3. Measurement and metrics
Appropriate measures need to be confirmed and put in place so that OH professionals are able to obtain metrics on the programme provision that are transparent and understandable.
Although not always readily available, a wealth of data can be found if you know what you are looking for within the existing arrangements. Importantly, these will establish clearer links between the business and the service. Categories such as open versus closed cases, duration of case management and complexity mix can be insightful and help to reshape the strategy and delivery of the service.
4. Try to link to other healthcare providers
It is true to say that all OH providers profess to offer a service that links “seamlessly” with other health programmes offered, for example private medical insurance, employee assistance programmes and group income protection.
In our experience, this rarely happens. All the research denotes that early intervention OH services play a vital role in returning people to work appropriately so that they do not fall between the cracks that may ultimately progress to worklessness. To encourage early intervention there need to be mechanisms in place to enable cases to be passed from one healthcare touch point to another, in a way that is effective, efficient and traceable while adhering to medical confidentiality and data protection. Collaboration of providers usually benefits from an independent overview that can challenge and guide discussions, help shape process flows and protocols, as well as facilitate true collaboration.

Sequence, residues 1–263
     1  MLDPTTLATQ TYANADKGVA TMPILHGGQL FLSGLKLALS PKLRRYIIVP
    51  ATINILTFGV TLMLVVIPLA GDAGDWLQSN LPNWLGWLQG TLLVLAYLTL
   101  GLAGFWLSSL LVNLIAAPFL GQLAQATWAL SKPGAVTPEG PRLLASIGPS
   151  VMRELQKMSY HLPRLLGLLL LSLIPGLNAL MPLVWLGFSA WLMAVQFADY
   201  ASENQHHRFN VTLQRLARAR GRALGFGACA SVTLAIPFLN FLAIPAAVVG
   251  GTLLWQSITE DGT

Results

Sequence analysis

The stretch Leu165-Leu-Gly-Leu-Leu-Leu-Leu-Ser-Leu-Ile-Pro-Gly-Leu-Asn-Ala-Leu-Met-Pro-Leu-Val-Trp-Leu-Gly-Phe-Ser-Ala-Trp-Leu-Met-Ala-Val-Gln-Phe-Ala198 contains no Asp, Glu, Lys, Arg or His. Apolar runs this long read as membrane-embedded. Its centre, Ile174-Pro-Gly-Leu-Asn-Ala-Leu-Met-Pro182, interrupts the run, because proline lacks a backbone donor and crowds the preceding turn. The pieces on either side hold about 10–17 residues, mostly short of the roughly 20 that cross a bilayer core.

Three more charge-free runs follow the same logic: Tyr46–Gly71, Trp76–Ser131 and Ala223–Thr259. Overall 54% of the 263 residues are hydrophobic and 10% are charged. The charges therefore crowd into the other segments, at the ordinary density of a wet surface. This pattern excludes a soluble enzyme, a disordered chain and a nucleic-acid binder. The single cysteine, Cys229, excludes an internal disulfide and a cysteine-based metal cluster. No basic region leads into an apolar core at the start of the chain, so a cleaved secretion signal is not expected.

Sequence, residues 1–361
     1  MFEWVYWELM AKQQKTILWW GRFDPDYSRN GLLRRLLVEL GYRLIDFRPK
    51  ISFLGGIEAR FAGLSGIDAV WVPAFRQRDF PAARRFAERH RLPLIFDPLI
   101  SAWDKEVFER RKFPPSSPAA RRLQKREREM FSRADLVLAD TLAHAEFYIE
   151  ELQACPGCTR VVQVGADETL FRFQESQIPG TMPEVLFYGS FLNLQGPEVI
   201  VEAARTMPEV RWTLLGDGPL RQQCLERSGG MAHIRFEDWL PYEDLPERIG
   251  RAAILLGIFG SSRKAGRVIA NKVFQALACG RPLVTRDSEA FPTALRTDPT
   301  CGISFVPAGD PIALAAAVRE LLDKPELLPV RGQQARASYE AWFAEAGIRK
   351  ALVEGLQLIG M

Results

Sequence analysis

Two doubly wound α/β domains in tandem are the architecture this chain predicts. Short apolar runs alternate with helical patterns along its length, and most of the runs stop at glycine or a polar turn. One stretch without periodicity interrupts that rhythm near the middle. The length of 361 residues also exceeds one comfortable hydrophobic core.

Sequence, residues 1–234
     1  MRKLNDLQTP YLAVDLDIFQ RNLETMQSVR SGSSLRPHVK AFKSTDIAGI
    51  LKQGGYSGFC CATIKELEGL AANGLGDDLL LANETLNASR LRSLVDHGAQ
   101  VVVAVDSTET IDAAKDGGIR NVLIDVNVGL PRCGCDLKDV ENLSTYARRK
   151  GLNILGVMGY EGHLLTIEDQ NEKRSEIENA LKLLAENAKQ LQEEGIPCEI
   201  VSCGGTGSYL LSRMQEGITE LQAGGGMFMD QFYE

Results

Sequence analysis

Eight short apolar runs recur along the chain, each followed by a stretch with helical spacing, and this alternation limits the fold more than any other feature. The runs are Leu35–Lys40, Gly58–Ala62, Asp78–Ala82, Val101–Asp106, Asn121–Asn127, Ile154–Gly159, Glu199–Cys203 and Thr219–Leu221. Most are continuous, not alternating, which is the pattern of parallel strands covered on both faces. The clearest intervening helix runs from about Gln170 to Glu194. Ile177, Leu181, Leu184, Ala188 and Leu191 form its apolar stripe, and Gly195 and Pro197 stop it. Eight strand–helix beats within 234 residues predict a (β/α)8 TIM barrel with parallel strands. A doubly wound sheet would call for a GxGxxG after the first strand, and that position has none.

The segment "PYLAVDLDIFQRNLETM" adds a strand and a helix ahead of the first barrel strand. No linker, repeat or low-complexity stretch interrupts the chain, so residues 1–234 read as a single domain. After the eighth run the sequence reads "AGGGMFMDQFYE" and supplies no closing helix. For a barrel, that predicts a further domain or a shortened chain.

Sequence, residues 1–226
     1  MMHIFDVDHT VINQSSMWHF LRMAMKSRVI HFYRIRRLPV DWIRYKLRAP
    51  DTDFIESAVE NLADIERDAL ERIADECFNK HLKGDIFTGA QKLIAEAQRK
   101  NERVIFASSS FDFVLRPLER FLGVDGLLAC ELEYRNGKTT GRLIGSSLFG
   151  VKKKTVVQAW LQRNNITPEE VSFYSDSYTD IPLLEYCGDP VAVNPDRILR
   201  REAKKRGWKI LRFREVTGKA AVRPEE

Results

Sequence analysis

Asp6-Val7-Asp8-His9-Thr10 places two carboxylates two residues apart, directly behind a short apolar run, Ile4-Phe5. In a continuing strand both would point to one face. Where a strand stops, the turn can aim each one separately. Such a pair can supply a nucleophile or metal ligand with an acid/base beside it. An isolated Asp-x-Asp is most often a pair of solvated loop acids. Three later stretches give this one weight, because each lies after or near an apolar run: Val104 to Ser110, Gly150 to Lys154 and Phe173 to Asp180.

5. Regular reviews
Client organisations must conduct regular reviews of their OH provision. No one would disagree with this but it is surprising how few actually follow through on a meaningful evaluation. The authors suggest six-month reviews as a minimum. Their recommendation is quarterly reviews, supplemented by key performance data dashboards where possible.
Putting the tender out to market every two years is also regarded as a good discipline. By regularly looking at the data and discussing it with your OH team, you will be better placed to spot trends, capture any cost savings and refine the service that is offered.
Where possible, benchmarking data against other similar players in your industry can be helpful. It is also worth considering spot checks and staff feedback.
There are real benefits to be gained from a well-designed OH programme. By following these five steps, organisations can capitalise on the potential value offered that will support not just the workforce but the business itself.
Dr Bridget Juniper is head of Work and Well-Being Ltd, which specialises in the measurement of employee wellbeing. Mike Tyler is managing director of Buck Consultants (Health and Productivity), which helps clients to design comprehensive wellness programmes.